COCONet Science ›
A proposed network of GPS stations in the pan-Caribbean region will aid the monitoring, understanding, and prediction of earthquakes, hurricanes, flooding, volcanoes, and landslides.
Una nueva red expandida de estaciones de GPS en la región del Caribe va a ayudar con el monitoreo, entendimiento, y predicción de terremotos, tsunamis, huracanes, inundaciones, volcanes, y deslizamientos de tierra.
Over eighty million people live in Central America and in the Caribbean Islands, with many people living in the zones of maximum earthquake activity. The warm water and air temperatures of the Carribbean region also produce hurricanes and related heavy rains and landslides which create tremendous problems.
Understanding the factors that control these hazards requires getting more real-time data along earthquake zones and data from the atmosphere over the Caribbean Ocean. COCONet, the Continuously Operating Caribbean GPS Observational Network, will help to do this.
What are the questions scientists ask to better understand and predict earthquakes & tsunamis?
- What are the slip rates along active faults along the edges of the Caribbean tectonic plate?
- How is stress released at these plate boundaries?
Which questions do they ask to better understand tropical storms and hurricanes?
- How sensitive is tropospheric water vapor content to changes in sea surface temperatures?
- How does the distribution of water vapor across the Caribbean region influence the genesis, intensification and direction of tropical storms and hurricanes?
What Will the COCONet Project Do?
This project will add 50 high-precision permanent GPS stations to 50 existing ones in Caribbean and Caribbean-border nations. These instruments are able to detect millimeter changes in movement of the Earth's crust. Locations are shown to the left. Increasing the density of GPS stations measuring plate motion will help geodesists model questions like those above more accurately.
Although scientists often use UNAVCO's GPS systems to measure tectonic movements in earthquake zones, they can also use the GPS radio frequency signals to estimate how much moisture is available in the atmosphere. See the figure on the left showing how GPS moisture data correlates well with sea surface temperature over time.
The aim is to create a pan-Caribbean refernce network, while coordinating and educating regional researchers, governments and agencies, and station operators.
Broader Impacts of COCONet
The 2010 Haiti earthquake is the latest and most dramatic example of the impact of poor risk identification (earthquakes neglected in risk analysis), poor mitigation and prevention (no seismic building code), and lack of response capacity (no contingency plans). Situations like this then require vigorous international aid and assistance during and after the event.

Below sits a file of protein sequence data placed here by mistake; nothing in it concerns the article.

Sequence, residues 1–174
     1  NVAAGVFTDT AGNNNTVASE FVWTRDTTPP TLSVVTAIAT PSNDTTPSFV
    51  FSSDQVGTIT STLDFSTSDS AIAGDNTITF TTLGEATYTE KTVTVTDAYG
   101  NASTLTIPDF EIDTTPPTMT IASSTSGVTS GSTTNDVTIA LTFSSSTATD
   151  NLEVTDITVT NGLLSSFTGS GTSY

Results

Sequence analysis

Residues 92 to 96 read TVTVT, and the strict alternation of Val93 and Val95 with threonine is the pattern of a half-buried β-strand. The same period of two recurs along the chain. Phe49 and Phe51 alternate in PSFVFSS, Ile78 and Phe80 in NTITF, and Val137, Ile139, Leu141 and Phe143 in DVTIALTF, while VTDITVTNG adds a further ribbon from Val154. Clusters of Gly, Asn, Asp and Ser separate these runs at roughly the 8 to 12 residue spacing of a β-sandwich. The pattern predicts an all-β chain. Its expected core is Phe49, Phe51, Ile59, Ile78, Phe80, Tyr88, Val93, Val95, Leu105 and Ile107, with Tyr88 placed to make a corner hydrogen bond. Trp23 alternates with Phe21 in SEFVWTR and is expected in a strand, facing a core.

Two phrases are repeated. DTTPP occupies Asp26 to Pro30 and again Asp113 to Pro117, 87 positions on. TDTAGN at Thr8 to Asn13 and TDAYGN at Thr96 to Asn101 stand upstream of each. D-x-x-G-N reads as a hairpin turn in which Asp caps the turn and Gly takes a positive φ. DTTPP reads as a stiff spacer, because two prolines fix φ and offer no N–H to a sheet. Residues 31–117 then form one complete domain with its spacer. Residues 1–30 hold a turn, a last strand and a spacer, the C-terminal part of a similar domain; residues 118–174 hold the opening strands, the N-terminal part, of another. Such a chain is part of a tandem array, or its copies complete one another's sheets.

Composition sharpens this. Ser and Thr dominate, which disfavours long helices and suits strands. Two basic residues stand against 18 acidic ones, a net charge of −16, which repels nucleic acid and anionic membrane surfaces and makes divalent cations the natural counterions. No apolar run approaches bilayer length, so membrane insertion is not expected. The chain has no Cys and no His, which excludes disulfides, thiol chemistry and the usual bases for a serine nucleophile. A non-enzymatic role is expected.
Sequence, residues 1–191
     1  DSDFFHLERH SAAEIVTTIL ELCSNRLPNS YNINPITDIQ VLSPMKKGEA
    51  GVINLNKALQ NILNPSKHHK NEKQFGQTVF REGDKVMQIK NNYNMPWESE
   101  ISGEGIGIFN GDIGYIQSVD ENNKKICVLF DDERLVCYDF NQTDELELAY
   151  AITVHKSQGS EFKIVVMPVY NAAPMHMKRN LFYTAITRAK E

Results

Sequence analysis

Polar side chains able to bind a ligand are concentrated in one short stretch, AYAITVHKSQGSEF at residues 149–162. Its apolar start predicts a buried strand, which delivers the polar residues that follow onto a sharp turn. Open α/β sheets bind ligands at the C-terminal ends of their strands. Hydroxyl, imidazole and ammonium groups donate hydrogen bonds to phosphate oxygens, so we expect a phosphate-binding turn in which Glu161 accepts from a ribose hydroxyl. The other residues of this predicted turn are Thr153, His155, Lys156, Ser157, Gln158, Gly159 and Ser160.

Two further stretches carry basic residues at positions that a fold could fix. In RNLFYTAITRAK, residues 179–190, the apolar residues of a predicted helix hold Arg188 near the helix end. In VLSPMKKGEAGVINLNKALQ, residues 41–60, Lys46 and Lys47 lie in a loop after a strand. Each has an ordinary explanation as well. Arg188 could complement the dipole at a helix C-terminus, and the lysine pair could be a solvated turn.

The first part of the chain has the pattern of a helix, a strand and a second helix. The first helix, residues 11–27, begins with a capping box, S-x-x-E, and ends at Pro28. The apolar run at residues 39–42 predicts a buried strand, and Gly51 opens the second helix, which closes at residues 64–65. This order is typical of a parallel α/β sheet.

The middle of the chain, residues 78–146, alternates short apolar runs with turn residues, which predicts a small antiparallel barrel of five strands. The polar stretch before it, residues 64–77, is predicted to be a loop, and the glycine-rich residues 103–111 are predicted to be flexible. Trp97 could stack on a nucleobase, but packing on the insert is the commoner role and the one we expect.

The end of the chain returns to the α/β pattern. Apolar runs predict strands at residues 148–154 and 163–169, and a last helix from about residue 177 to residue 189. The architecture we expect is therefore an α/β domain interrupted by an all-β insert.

Reducing the human and economic losses to natural hazards in the Caribbean and Central America will be aided by COCONet through:
- Providing new geophysical observations critical to understanding and quantifying these hazards in the Caribbean and Central America.
- Developing the capacity of professionals from Caribbean and Central American countries to use the data collection equipment and assimilate the resulting data into hazard assessments.
- Contributing to early warning system for tsunami and hurricanes thanks to a broad network of measurement stations covering the whole Caribbean and Central America region.
This project will contribute to the education of numerous graduate and undergraduate students in solid Earth, atmospheric, and geodesy fields by providing high-quality GPS data to the Caribbean research science community. Support in the project is included for a RESESS intern through UNAVCO, a SOARS protege through UCAR, and a graduate student at Purdue University.
The National Science Foundation (NSF) has charged UNAVCO and the University Corporation for Atmospheric Research (UCAR) with developing this network with the help of the scientists in the region.
Comments on COCONet
"COCONet has the potential to transform our understanding of seismic and hurricane hazards in the extremely vulnerable Caribbean region, and to support basic research into plate tectonic processes and regional climate change."
- Robert Detrick, director of NSF's Division of Earth Sciences.
"This is a very exciting opportunity for interdisciplinary science, and will provide a regional framework for new discoveries about the fundamental processes that control tectonic and atmospheric unrest."
- Meghan Miller, President of UNAVCO
"By establishing a single unified GPS network spanning the entire region, and by providing freely available, high-quality geodetic and meteorological data to researchers in both the U.S. and the Caribbean region, COCONet will be a major step in advancing Earth science research in this area."
- Russ Kelz, program director in NSF's Earth Sciences Division.
"COCONet has the potential to decrease vulnerability to hurricanes and earthquakes throughout the Caribbean while linking the civil, scientific, governmental and private sectors, integratng research and education, and promoting a culture of sharing data and information."
- Raj Pandya, Deputy Director of Education and Outreach, UCAR